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Logic

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Contents

Introduction
Classic Edition
Version 1.0

Introduction

If you need to learn symbolic logic, but would rather play a game, this is for you.
If you have to learn symbolic logic, but hate algebra and other math-y things, this is for you.
If you love symbolic logic and are looking for new and interesting ways to approach the subject, this is for you.
If you just enjoy puzzle-solving games, this is for you.

This is what Characters in the game look like. Aren't they cute?
This is what Characters in the game look like. Aren’t they cute?

Classic Edition

If you are not on an iPhone or iPad,* click on the link above (or click here) to download a zipped file containing:

  • The Chambergon Battle Logic program (Classic Edition).
  • The Chambergon Battle Logic “textbook.”
    [Click here for just the PDF, without all the other stuff.]
  • The Chambergon Battle Logic User’s Manual. [Click here for just the PDF, without all the other stuff.]
  • The syllabus for “Elementary Logic” (the course for which I wrote the program and textbook) [Click here for just the PDF, without all the other stuff.]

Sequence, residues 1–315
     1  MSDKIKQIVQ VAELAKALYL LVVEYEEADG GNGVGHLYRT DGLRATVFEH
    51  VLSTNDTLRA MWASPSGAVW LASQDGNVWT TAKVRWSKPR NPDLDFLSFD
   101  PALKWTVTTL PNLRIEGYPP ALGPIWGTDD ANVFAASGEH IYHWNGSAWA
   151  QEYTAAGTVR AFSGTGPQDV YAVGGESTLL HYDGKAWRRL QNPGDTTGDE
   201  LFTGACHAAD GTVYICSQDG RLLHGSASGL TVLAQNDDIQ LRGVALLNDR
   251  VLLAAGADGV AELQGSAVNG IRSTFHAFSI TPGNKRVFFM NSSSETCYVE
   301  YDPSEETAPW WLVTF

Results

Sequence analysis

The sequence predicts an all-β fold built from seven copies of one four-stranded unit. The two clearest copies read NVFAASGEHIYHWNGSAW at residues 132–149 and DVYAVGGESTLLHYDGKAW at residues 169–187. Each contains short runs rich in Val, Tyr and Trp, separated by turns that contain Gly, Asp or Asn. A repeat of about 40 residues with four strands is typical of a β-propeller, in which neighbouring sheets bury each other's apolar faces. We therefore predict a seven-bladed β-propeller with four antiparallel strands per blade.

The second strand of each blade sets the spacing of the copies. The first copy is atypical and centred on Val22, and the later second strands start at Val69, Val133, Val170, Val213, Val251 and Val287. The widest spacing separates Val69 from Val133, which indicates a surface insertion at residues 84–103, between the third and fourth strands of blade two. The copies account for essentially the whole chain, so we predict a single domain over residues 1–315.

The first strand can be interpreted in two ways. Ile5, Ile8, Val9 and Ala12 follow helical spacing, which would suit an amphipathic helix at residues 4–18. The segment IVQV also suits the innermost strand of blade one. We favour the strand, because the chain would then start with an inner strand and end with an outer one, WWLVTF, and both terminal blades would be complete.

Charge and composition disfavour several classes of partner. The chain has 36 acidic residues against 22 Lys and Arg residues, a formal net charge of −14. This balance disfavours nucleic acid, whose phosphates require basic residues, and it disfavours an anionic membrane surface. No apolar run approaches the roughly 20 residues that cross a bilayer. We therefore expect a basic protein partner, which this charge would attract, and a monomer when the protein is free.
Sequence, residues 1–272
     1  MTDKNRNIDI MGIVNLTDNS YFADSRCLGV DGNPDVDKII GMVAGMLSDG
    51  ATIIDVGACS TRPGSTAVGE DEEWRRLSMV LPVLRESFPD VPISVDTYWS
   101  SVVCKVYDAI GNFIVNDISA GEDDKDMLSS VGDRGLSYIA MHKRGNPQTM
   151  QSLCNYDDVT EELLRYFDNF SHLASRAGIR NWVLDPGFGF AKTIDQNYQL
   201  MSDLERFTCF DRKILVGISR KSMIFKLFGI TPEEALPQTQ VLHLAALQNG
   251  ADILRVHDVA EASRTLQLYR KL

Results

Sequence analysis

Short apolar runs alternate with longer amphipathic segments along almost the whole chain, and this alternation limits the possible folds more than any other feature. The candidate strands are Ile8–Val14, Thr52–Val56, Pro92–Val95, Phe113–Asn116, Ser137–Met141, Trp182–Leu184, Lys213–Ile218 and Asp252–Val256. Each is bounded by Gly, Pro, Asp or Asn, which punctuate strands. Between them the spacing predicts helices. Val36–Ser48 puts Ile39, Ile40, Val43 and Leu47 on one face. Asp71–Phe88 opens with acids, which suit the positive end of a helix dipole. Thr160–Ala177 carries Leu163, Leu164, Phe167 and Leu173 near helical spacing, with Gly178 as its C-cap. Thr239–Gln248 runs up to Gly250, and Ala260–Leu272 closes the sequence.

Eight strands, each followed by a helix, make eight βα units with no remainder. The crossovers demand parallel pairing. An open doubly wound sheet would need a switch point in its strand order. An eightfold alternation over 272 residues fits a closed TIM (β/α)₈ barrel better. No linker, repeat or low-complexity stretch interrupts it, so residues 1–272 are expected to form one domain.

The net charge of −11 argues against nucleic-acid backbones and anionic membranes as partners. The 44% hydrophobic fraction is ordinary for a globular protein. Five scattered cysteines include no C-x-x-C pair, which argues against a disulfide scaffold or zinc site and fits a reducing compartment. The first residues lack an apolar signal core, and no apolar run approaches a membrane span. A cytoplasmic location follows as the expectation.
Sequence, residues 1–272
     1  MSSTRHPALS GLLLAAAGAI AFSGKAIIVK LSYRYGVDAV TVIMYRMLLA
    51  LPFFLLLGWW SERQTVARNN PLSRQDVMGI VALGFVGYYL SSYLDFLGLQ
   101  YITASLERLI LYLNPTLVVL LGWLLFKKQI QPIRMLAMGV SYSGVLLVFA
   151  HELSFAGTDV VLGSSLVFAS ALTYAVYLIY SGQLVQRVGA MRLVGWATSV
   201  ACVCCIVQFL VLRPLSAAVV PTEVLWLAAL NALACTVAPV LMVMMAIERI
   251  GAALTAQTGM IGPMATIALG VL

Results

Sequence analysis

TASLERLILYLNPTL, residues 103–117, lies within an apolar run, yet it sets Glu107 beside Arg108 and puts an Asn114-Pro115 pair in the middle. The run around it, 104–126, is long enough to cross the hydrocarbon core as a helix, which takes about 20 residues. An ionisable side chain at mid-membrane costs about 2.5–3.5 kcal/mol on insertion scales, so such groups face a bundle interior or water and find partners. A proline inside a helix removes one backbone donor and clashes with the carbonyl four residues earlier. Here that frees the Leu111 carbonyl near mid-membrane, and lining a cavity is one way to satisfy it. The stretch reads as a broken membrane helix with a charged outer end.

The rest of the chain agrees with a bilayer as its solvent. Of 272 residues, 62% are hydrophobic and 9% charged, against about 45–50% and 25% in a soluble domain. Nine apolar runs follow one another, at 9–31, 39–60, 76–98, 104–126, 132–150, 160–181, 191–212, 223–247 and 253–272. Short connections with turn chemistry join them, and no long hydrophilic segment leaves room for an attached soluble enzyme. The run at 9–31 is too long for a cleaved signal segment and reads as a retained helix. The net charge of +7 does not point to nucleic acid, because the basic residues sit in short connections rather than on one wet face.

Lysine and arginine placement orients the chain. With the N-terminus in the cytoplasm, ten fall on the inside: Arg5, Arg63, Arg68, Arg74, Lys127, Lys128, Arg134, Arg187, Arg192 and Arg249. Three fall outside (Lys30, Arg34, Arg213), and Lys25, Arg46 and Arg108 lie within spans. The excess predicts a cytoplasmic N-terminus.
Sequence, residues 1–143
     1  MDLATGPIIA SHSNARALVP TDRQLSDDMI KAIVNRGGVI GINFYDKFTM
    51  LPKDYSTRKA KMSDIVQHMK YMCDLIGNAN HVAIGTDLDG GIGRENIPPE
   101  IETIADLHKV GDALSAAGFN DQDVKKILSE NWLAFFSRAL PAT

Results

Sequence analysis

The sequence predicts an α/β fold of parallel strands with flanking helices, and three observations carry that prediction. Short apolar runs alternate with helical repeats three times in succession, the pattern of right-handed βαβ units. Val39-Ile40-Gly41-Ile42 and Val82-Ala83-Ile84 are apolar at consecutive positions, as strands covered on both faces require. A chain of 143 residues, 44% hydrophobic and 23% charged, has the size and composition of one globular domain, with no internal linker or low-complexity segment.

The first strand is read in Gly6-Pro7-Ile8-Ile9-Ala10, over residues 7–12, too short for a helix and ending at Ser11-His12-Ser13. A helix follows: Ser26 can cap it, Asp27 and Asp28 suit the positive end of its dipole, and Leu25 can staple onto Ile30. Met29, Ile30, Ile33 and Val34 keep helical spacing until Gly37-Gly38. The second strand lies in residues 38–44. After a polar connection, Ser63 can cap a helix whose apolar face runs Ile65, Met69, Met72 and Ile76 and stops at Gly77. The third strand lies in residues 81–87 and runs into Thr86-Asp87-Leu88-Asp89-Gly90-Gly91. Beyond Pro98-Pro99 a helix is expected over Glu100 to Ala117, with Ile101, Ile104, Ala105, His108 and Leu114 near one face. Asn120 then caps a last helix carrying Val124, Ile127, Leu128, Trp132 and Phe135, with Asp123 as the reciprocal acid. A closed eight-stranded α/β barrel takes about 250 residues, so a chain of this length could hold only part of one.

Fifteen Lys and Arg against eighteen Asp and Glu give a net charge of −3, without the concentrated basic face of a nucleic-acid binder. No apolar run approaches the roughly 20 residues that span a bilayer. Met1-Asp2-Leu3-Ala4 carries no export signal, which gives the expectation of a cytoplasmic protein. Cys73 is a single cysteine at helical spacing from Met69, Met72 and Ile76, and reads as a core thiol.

• Supporting files for the program (a generic “Character File,” 355 game files [Levels 0 through 9], and a logo file).
[Teachers: In addition to downloading the zipped file above, download this zipped file as well. It contains a “teacher character,” with all the games already completed. You can use it as an “answer key” for teaching logic to your students.]
This is what Chambergons look like. Get it? They're polyGONs, each containing two CHAMBERs. Get it?
This is what Chambergons look like. Get it? PolyGONs divided into CHAMBERs?

Once you have downloaded the file, unzip it.

If no one ever taught you how to unzip files, don’t worry; it’s really easy.

On Macs, you often simply have to open the file (the unzipping occurs automatically). Otherwise, run a Google search for “unzip file” + whatever version of Mac’s OS your computer is running.

On PCs and other systems, however, it might be a tad more complicated. But a simple Google search for “unzip file” + whatever version of Windows, Linux, etc. your computer is running should help you figure things out.

These are cards. Given the first card, you could play the second, and given the second, you could play the third. (This is what logicians call a "proof.")
These are cards in the game. Believe it or not, they form what logicians call a “proof.”

Once you’ve unzipped the file, I would suggest you do the following:

  1. Read the “Course Description” in the Syllabus PDF file to get a feel for what this is all about.
  2. Take a look at the User’s Manual PDF file so you’ll know where to look later if you need hints, FAQs, and troubleshooting help.
  3. Maybe take a look at the Textbook PDF file. Reading it will give you hours of delirious enjoyment, as well as helping you figure out what is going on with this whole logic thing.